Friday, August 29, 2008

Historical Sleuthing

I'm so impressed with the amazing and curious items other housebloggers find in walls or tucked under floors of their old houses as they do demolition.

Me, I've had to settle for various indistinguishable pieces of rusty iron dug up in the back garden, the random buried roofing slate, and once, a very sharp slate nail I discovered when it pierced my finger, making me very glad I recently got a tetanus shot.

But late this evening I found something very curious indeed. I'd finished prying off the last long piece of baseboard trim in the dining room and was kneeling down with the pliers to pull out the nails from the back side. And I noticed a piece of paper sitting against the plaster at the foot of the wall, where the baseboard had been.

This is what I found:

A Christmas postcard, with most of the message erased by the elements and Time . . .

And on the other side . . . Well, this is odd. Not what I would have expected.

It's signed "Kathryn," which is the name of one of two women, mother and daughter, who lived, together and in succession, in the Sow's Ear from 1920 to 1981. Whichever Kathryn signed this, I'd say she did it closer to 1920, considering the style of the card.

But wouldn't you expect it to be to the lady of the house, and not from her? But it's addressed to a Mrs. M. M. Moore, who lived on a street four blocks over and five blocks up from here. And it's got a stamp on it. Why was this Christmas card never sent? How did it end up between the baseboard and the dining room wall?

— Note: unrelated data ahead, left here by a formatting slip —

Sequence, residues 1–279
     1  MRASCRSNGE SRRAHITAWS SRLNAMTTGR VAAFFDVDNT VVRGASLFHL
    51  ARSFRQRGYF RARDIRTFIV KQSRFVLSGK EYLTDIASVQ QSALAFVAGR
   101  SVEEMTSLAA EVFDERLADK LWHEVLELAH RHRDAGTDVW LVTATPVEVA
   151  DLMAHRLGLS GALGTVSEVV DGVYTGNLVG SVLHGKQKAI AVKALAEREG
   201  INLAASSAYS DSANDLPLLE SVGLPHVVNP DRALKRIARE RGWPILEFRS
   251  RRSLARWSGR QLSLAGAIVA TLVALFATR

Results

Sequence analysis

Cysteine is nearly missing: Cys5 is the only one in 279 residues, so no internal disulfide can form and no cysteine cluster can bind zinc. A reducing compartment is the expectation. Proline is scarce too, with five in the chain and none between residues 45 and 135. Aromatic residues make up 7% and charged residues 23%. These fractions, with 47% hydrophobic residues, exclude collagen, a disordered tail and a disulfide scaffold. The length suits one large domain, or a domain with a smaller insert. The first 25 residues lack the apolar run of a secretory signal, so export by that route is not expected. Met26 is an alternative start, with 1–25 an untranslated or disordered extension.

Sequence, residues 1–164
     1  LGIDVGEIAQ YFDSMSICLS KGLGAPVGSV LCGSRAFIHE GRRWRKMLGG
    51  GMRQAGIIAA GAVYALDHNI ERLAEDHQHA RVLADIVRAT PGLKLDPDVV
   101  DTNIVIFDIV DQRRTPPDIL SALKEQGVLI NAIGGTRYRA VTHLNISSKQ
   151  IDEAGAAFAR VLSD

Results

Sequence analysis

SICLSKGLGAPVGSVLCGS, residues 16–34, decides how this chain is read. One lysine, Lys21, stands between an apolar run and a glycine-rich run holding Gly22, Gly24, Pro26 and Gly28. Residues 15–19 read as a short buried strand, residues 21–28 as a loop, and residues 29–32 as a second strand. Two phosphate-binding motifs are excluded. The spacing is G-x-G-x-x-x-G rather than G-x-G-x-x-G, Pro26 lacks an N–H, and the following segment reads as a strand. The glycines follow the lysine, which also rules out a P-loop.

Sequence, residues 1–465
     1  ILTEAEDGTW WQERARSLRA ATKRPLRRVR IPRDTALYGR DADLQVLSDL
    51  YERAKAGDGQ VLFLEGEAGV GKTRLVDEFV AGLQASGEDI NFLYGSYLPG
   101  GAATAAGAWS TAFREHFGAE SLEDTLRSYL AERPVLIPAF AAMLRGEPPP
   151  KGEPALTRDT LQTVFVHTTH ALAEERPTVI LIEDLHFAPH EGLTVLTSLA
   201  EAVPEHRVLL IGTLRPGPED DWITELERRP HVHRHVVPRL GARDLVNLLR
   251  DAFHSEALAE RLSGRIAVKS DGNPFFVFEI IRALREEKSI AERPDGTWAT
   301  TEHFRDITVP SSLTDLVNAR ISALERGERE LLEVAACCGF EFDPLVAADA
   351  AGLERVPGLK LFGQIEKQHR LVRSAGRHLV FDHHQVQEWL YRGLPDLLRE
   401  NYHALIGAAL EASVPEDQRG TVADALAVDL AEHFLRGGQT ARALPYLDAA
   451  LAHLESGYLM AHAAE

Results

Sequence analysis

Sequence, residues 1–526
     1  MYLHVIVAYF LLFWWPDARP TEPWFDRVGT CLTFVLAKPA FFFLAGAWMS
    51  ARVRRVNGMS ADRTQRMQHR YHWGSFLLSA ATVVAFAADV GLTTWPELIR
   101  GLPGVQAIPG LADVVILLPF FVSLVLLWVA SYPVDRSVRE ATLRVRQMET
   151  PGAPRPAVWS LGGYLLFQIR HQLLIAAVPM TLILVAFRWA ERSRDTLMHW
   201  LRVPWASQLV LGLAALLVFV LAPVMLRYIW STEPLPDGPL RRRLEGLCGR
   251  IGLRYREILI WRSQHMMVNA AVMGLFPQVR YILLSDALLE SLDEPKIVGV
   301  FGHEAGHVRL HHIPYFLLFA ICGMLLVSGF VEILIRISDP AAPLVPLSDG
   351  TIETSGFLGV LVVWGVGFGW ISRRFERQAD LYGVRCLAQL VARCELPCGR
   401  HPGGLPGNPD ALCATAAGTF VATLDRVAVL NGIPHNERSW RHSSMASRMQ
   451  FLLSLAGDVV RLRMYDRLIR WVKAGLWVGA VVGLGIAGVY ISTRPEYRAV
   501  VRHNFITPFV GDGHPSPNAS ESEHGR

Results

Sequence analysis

Maybe the McLaughlins were doing renovations back then and the baseboard was loose? I've found evidence that sometime in the past some of the dining room trim has been removed and replaced. The casing around the double windows for instance. I can tell because the wallpaper just under the current layer goes down behind it. But that wallpaper also appears on the "new" drywall that was put up by the POs-1 sometime in the 1980s or early '90s. And there was only one set of nails in the baseboard I pried off this evening. I seriously doubt it was loosened in the 1920s, so soon after the house was built in 1916 or before.

So again I ask, How'd the card get there?